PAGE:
Covid-19 has had a devastating psychological and financial impact on journalists in Sierra Leone, a new study released today has found.
Impact of Covid-19 on journalism in Sierra Leone was released by Madam Mamadi Gobeh-Kamara, Deputy Minister of Foreign Affairs and International Cooperation, at the headquarters of Sierra Leone Association of Journalists (SLAJ) in Freetown.
The national survey, published by SLAJ and led by researchers at Bournemouth University in the UK, had responses from more than 600 journalists across the country. It reveals that the pandemic affected almost every aspect of news production as well as the individual wellbeing of a majority of journalists.
“This is a serious situation which needs to be addressed through cooperation, collaboration and networking or partnerships. The Government has a role to play as well as SLAJ and the individual media houses to collectively look at the recommendations and work together to address them, because COVID-19 will not be the last disaster to befall us,” said the Deputy Minister.
Among the key findings were:
- Almost 60% of journalists reporting having experienced depression and almost 70% experiencing increased anxiety
- 86% of journalists say they have been impacted financially with 16% (around one in six) saying they had lost their jobs
- Survey respondents reported decreased news production in broadcast, print and online platforms
- Most respondents felt they were ill-prepared and ill-trained to face the pandemic.
Ahmed Sahid Nasralla, President of SLAJ, said the survey was the first study to focus specifically on how the pandemic has affected journalists in Sierra Leone, and that it underlined the importance of strengthening disaster preparedness in the news industry.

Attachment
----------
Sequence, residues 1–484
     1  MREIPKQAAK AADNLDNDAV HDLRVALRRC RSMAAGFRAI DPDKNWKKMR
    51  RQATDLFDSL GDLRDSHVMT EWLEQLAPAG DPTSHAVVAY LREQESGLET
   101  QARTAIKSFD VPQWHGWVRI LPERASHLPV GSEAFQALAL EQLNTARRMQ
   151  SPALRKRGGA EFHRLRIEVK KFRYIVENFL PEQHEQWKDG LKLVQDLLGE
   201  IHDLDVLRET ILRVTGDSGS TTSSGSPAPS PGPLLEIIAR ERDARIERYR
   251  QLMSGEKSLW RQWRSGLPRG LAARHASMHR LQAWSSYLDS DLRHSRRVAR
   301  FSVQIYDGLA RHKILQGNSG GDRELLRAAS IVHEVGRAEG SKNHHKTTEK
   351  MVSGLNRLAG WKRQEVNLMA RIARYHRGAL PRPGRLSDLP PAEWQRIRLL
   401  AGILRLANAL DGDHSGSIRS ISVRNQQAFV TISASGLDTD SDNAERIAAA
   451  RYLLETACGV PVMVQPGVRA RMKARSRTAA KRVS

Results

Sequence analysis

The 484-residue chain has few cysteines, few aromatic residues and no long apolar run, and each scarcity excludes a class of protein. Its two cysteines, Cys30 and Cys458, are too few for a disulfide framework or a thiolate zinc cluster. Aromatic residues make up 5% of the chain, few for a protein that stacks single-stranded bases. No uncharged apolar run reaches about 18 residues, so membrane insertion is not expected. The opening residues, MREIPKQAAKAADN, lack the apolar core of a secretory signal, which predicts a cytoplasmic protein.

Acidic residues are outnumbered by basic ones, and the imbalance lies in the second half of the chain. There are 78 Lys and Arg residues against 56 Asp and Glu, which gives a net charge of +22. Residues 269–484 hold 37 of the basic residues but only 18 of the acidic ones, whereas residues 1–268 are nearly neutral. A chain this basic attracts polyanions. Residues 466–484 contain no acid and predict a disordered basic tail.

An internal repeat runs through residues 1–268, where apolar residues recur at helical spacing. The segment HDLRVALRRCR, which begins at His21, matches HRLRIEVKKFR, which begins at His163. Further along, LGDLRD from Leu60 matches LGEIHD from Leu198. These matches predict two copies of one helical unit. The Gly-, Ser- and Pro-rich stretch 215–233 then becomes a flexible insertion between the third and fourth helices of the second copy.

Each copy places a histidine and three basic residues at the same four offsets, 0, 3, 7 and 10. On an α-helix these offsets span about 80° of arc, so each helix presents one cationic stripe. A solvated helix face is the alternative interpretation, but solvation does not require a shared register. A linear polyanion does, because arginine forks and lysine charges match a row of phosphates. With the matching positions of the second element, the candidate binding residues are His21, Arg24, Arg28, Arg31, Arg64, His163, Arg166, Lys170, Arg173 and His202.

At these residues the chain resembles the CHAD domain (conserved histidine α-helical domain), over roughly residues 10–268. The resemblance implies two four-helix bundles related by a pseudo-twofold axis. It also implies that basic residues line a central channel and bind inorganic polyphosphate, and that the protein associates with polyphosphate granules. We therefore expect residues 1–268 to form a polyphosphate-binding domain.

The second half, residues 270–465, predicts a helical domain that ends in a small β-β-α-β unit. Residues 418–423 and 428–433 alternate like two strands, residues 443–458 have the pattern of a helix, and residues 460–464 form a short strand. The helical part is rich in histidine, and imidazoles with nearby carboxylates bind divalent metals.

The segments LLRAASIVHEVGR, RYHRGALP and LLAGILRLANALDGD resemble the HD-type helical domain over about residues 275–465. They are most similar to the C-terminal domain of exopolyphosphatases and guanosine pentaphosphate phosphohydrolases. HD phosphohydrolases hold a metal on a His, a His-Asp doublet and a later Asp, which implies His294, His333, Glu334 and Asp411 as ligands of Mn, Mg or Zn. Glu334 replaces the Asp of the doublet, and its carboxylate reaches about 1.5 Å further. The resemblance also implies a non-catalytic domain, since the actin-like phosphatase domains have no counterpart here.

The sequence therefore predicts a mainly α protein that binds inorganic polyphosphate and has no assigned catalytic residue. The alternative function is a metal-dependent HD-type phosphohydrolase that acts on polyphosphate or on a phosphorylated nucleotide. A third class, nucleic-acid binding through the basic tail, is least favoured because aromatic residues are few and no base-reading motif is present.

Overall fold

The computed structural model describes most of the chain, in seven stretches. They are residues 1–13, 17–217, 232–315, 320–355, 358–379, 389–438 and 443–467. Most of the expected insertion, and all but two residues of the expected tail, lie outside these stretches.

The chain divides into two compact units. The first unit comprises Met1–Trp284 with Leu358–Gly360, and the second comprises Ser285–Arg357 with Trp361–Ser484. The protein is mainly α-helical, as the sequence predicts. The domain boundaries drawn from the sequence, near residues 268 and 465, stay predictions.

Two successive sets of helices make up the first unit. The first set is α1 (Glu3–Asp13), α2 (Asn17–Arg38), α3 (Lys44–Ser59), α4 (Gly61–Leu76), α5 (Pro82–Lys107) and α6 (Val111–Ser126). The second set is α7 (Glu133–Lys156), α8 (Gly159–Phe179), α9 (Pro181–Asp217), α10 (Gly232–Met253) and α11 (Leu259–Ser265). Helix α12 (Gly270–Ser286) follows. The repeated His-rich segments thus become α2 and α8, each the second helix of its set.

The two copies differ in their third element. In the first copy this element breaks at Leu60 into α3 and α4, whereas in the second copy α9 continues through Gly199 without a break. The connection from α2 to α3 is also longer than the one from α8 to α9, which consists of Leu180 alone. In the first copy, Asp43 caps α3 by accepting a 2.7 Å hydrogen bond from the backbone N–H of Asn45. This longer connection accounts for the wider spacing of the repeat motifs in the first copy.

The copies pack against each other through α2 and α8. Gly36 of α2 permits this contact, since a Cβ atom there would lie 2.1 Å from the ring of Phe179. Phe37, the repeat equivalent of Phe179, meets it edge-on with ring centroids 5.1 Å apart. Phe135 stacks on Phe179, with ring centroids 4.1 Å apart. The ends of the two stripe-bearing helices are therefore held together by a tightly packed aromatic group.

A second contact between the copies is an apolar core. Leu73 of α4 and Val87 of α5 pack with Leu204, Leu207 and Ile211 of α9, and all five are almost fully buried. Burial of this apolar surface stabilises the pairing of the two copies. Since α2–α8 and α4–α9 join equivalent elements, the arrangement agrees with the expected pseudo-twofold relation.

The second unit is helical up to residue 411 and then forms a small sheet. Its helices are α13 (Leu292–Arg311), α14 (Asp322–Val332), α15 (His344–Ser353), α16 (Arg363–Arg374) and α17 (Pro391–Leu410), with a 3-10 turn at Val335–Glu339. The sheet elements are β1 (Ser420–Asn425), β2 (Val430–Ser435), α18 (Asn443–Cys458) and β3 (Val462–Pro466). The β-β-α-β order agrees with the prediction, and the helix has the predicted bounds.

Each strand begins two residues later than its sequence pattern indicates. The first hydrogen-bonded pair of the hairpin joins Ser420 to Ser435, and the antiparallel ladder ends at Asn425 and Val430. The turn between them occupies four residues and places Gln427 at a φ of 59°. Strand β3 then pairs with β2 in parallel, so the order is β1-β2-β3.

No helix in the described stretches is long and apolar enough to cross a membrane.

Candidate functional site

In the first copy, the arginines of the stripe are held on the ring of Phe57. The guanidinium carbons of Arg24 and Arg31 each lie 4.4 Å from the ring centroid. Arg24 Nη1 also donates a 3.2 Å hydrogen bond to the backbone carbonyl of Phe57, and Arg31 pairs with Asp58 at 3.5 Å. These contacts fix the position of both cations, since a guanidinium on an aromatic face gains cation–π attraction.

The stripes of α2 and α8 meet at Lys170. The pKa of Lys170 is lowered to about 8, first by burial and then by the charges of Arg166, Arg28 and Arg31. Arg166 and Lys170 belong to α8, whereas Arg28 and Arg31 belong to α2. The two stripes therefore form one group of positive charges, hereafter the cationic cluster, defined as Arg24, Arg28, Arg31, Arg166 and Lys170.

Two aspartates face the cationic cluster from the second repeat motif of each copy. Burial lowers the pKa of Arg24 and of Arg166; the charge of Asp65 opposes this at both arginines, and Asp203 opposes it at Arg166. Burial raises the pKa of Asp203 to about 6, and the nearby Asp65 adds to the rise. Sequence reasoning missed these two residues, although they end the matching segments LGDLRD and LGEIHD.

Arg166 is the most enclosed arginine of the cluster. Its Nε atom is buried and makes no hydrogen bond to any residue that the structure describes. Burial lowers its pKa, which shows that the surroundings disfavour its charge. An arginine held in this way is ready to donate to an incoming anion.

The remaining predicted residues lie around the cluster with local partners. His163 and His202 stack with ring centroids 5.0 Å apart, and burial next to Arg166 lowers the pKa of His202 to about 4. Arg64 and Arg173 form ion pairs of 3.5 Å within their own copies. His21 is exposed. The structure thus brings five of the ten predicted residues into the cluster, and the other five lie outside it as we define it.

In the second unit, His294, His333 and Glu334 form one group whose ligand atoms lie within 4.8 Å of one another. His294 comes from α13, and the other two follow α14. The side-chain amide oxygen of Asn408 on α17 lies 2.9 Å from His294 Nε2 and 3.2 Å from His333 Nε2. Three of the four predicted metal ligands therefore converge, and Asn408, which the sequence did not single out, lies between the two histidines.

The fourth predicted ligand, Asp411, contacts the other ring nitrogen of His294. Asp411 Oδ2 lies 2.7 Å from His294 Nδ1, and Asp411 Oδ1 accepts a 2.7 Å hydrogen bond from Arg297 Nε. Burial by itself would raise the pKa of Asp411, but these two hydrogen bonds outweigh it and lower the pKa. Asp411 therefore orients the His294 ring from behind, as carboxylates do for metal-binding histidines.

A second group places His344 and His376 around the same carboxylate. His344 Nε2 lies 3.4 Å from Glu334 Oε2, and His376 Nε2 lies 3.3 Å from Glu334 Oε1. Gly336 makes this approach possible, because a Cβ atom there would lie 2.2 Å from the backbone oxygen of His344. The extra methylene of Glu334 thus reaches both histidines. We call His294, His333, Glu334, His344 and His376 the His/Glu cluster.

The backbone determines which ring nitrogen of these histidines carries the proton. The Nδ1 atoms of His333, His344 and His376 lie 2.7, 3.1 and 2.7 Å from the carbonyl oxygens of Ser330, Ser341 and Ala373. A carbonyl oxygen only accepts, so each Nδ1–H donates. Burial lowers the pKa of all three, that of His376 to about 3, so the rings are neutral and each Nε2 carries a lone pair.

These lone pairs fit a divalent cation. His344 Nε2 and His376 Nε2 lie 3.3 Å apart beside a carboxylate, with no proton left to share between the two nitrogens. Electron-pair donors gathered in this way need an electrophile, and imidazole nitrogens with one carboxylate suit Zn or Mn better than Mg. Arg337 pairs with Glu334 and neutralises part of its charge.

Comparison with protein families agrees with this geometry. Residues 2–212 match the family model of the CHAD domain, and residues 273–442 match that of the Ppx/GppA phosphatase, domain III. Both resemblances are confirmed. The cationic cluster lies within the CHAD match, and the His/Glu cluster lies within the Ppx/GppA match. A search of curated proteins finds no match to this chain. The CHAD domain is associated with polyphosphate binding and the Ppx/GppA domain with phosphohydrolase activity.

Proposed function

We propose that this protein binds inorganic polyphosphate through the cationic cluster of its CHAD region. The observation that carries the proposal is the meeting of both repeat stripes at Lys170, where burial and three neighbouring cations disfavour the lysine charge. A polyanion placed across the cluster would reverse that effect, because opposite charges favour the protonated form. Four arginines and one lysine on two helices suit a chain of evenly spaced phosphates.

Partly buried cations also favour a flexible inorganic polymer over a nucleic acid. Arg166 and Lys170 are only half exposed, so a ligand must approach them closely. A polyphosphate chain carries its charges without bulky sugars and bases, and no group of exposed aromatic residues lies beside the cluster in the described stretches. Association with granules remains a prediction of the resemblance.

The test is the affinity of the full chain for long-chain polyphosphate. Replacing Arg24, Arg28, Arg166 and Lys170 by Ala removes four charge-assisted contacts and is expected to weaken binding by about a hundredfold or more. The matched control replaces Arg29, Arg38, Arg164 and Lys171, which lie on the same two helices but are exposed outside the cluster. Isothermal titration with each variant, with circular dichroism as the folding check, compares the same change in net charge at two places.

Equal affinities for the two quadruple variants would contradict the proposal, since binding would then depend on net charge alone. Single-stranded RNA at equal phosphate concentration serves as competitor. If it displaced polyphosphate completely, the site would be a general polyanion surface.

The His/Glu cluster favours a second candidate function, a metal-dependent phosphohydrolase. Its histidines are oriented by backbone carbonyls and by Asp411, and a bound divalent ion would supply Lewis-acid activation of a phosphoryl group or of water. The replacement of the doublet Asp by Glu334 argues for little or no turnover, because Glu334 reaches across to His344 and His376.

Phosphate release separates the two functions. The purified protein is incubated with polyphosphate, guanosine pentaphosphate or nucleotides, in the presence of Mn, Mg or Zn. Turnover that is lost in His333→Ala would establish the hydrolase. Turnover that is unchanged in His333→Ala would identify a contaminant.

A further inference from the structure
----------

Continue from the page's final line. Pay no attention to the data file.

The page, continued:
"A healthy and thriving news sector must be at the heart of any crisis response," he said. "We must build the disaster resilience of journalists in this country to protect the vital role they play. The evidence from this survey has given us the greenlight to absorb disaster preparedness as part of SLAJ’s strategic plan."
Dr Chindu Sreedharan of Bournemouth University, the lead author of the survey report, said, “Some of our most worrying findings highlight the extreme psychological impact the pandemic has had on journalists across Sierra Leone.
“With a majority of respondents reporting having suffered from depression and anxiety, the government and news organisations must come together to invest much-needed resources in protecting the emotional and mental health of media personnel in times of crisis.”
The survey forms part of Tie u Orja, a capacity-building initiative led by researchers at Bournemouth University in collaboration with SLAJ, Limkokwing University, and Save the Children (Sierra Leone). It is funded by the UK's Global Challenges Research Fund (GCRF), which supports research to address urgent needs and challenges faced by developing countries.
The survey focused on the impact of Covid-19 on the news media, as well as the future training requirements of journalists. The authors highlight the need for urgent action in four key areas: psychological resilience, financial resilience, health protection and resilience, and building future disaster resilience.
Professor Lee Miles, disaster management expert at Bournemouth University and one of the authors of the survey, said, "In view of the critical role the news media play during public health crises and disasters, Bournemouth University, in close cooperation with SLAJ and other partners, will offer further research-informed activities to build the capacity of journalists and crisis communicators. We hope our work will strengthen future disaster resilience in Sierra Leone.”
Hundreds of journalists, from all four provinces and the Western Area, responded to the survey. This included news personnel working in print, online, broadcast, and radio, as well as news agencies.
The survey is authored by Dr Chindu Sreedharan, Professor Einar Thorsen, Dr Jamie Matthews and Mike Sunderland of BU’s Faculty of Media and Communication, and Professor Lee Miles and Dr Christopher Baker-Beall of the Disaster Management Centre.